In a changing and progressive Australia the towns small and large of the outback have retained the Aussie character. The large sloping roofs to protect against extreme heat, the verandas to sit out those warm evenings on. The pubs with their great beer and rustic 1800’s charm. You can almost feel the miners and drovers of old drinking in the bars.
Yet towns with young residents attracted by the money to be made in the wealthy commodities industries, a country rich in minerals wool, cattle and grain. Australia is a country driven by the land and a new breed of hunter gatherers. Towns with architecture stuck in the 1800s to 1950s, Architecture that shrouds the delicatessens and coffee shops selling panini with Mediterranean vegetables..
When I first left Australia to travel to Europe the country had a population of 8-9 million today it is 23 million and growing. In those days through a feeling of isolation it was the ambition of most young Australians to travel especially to Europe. Not so now the preference is to see Asia and not be too far from home. The country has grown sophisticated in communications and offers one of the highest lifestyles in the world. As a Chinese resident said to me “once Australia was a backwater but not so now”.
Most people know Australia by the traditional icons, Sydney harbour Bridge, Opera House, Uluru/Ayers Rock, long beaches with surfers, the Barrier Reef. There is another Australia that I grew up in travelling west inland from the east coast and northern Victoria. This region is where Australia began as people moved inland from Sydney and Melbourne in order to work and mine the land and is where much of the current exciting development is today.
When I first left Australia it was a country of 8 to 9 million people, today it is a nation of 23 million. A country rich in commodities, gold, tin, copper, bauxite, sheep, cattle (beef and dairy) and fine wines. I found large numbers of prosperous small towns, looking like something out of the wild west with their typical awning and veranda architecture stuck in a ‘time warp’ from the 1800s to 1950s, towns with young populations. Driving into a town full of period history and finding a delicatessen selling food products from all over the world and a coffee shop promoting panini with Mediterranean vegetables and of course the inevitable Chinese restaurant. Small towns with massive Cole’s or Woolworth’s supermarkets servicing the outlying sheep stations, farms, mines and now vineyards spread out over 1000s of kilometers from South Australia across NSW and into Queensland. Towns full of young people working in the the lucrative world of physical commodities. Australia is a country of growing importance and influence in Asia, a country that has become of great importance to the development of China.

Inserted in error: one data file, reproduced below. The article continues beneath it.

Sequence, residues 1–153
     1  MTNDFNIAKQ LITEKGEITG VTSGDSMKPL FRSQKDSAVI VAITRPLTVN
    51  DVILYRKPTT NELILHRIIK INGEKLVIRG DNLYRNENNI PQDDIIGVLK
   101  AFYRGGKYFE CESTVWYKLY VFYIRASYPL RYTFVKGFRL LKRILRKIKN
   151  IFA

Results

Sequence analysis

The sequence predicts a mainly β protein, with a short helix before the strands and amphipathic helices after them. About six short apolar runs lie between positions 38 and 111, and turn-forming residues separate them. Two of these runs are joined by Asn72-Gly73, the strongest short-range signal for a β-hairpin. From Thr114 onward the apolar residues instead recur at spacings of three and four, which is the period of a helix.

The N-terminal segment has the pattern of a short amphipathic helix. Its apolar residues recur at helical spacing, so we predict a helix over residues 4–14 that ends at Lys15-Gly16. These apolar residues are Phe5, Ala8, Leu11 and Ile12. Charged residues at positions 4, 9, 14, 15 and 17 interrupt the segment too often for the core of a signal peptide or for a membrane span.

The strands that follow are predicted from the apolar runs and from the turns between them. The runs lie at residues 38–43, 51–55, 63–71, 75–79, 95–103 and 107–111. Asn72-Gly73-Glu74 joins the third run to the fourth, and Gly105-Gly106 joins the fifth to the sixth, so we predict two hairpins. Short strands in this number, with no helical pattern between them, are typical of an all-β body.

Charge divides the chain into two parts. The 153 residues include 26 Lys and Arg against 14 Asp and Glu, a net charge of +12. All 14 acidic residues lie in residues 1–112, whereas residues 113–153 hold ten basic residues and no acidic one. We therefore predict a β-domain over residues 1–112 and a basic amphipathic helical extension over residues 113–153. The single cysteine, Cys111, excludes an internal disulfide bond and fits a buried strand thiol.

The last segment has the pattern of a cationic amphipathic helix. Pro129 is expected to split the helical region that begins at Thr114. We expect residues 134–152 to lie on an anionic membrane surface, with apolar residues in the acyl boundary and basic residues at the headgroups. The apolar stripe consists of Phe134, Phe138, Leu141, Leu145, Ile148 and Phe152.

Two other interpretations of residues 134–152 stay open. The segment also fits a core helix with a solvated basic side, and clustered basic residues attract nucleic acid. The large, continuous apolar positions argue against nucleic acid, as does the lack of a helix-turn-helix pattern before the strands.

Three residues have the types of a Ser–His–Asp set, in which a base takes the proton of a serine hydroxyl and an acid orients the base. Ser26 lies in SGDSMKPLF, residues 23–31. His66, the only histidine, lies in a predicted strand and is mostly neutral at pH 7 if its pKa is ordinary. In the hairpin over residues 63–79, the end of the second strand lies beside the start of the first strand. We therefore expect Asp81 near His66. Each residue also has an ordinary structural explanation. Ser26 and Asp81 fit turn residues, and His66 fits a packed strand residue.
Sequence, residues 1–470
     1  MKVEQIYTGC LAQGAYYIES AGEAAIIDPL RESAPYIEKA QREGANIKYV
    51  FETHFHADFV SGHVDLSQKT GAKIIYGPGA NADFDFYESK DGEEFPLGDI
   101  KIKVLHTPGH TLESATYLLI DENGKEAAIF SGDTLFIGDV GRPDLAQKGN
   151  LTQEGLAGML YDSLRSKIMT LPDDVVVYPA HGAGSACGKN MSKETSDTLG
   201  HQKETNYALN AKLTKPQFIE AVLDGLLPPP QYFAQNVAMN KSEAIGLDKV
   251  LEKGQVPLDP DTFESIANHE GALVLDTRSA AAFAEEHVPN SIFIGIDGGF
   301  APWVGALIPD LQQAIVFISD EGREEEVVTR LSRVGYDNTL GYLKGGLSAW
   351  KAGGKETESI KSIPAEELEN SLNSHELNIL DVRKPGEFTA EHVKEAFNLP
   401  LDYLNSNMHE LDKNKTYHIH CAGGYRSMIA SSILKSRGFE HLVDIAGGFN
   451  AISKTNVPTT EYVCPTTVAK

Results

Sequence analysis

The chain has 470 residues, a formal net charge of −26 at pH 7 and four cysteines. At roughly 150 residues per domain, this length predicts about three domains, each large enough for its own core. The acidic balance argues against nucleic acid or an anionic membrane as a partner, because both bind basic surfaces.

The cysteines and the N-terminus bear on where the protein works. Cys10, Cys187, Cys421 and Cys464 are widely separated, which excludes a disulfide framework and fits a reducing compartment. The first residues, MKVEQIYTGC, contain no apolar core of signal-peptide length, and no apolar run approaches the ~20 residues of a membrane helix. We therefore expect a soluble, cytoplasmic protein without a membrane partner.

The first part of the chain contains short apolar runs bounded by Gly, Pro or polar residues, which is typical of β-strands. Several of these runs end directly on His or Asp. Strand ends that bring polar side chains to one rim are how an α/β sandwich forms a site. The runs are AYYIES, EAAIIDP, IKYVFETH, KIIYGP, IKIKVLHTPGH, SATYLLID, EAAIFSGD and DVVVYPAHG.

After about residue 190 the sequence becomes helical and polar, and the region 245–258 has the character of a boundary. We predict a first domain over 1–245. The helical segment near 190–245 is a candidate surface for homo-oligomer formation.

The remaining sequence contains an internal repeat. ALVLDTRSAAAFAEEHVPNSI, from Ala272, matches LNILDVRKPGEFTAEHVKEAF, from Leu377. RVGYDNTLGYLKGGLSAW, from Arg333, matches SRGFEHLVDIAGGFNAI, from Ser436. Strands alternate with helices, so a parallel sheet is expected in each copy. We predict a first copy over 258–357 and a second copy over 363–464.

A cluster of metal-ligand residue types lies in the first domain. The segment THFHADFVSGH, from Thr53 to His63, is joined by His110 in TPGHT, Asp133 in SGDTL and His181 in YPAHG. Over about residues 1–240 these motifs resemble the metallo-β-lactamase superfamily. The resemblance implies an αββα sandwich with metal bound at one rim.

The Chinese the greatest of trading people have seen the importance of this commodity rich country and have in great numbers began to call it home. While sitting in Condobolin a small sheep and mining town inland NSW, I was asked by a cousin what we should do tonight, “do you want a Chinese” he asked. Of course three shops in town, coffee shop, supermarket and Chinese restaurant. i should add there is always a pub selling great old and new beer. Most pubs in this region have a history dating from the 1800s. The Chinese are bringing real wealth to the country and are living alongside the Australians and easily integrating. Australia is a country in transition a country that is creating a new race of people who are developing and promoting its exciting commodity wealth. Sales of Merino wool are on the increase again. Merino wool the world’s finest wool in the past too expensive for the Chines market, however many sheep stations have lowered the micron quality and can now put this fine wool into a cost bracket that suits the Chinese market, allowing them to still brand products Merino.
There is so much life in the Australian outback its commodity wealth and its vast beauty from red ochre laced dust to the never ending cobalt blue skies. The wealth of this region is now attracting the young. I have added a quote I found on the the front of a pub in an outback town.
I currently live in London for business reasons, working as a photographer, am an Australian citizen and proud to call myself an Australian.